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Can anyone help?

Old 07-01-22, 05:43 PM
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tornado60
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Can anyone help?

Wondering if anyone knows anything about this bike. I'm especially interested



in its age and what would be involved in making sure these old shocks are good to go.
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Old 07-01-22, 06:29 PM
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Looks like a walmart level bso, worth basically nothing. Fork is total junk, if you are thinking of buying it, donít.
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Old 07-01-22, 08:02 PM
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Originally Posted by Kevin stafford
Looks like a walmart level bso, worth basically nothing. Fork is total junk, if you are thinking of buying it, donít.
Been mine for many years. Just don't know its whole history. I used to enjoy this bike and decided to restore it.
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Old 07-01-22, 08:08 PM
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I should have mentioned the rims and brakes have been replaced
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Old 07-04-22, 05:06 PM
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Looks like it previously had cantilever brakes so maybe late 90ís? Sticker says itís 1020 steel which means itís heavy and low quality. Thruster was a dept store brand. If itís rideable ride it, but Iwouldnít put any money into fixing it.
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Old 07-07-22, 02:43 PM
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Definitely Heavy, but I'm used to heavy as I pretty much on antique and vintage steel most of the time. It doesn't have cantilever mounts. The brakes that were replaced were the same style. Still I think it was fairly new when I got it so that would make mid to late 90's makes sense. This is a budget build hoping to reuse as many parts as possible. The main reason I was asking about the fork. I'd like to just give it some maintenance if that is even possible.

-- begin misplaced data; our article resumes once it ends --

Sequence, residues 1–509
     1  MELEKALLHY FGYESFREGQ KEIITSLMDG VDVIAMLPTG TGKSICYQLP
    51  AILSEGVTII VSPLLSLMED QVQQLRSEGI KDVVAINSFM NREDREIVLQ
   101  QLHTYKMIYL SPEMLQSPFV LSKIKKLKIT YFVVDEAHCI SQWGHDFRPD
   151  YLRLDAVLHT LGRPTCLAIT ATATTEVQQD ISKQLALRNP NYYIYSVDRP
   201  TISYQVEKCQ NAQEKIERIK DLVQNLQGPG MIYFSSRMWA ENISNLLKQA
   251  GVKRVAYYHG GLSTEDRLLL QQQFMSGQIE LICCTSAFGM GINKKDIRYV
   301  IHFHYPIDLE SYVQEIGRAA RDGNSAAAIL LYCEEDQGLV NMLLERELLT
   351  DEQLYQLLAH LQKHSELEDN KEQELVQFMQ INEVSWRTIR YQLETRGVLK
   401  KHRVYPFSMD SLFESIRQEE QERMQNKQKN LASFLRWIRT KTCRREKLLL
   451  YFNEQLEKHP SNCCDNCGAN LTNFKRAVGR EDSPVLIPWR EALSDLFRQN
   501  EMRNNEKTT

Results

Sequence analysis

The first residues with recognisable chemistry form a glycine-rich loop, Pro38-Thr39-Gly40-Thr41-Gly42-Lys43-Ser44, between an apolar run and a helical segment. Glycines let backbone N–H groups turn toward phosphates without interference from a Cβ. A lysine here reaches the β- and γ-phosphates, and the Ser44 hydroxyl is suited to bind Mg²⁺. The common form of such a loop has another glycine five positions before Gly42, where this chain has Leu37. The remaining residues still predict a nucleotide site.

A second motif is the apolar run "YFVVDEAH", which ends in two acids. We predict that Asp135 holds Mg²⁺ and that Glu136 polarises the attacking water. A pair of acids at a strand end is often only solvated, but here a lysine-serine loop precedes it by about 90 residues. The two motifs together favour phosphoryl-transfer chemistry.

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Old 07-07-22, 02:55 PM
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Originally Posted by tornado60
Definitely Heavy, but I'm used to heavy as I pretty much on antique and vintage steel most of the time. It doesn't have cantilever mounts. The brakes that were replaced were the same style. Still I think it was fairly new when I got it so that would make mid to late 90's makes sense. This is a budget build hoping to reuse as many parts as possible. The main reason I was asking about the fork. I'd like to just give it some maintenance if that is even possible.
Cantilever mounts and v-brake (the kind you have) mounts are the same.

If you're trying to restore it for some sort of sentimental reason, fine. However, there is no value in the bike, and even if you spend a bunch of money to get it mechanically operational, it will still have no value. In all likelihood, if you take the fork apart to do any sort of maintenance, there is a high probability of it not going back together properly.

That said, good luck on your project.
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Old 07-07-22, 03:36 PM
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Thruster is a department store BMX brand owned by Kent. It looks pretty good for a department store bike but itís not bike store quality. Itís 20 or 25 years old. Thereís probably nothing to rebuild inside the shocks. Just a spring and maybe a rubber bump stop.
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Old 07-07-22, 03:37 PM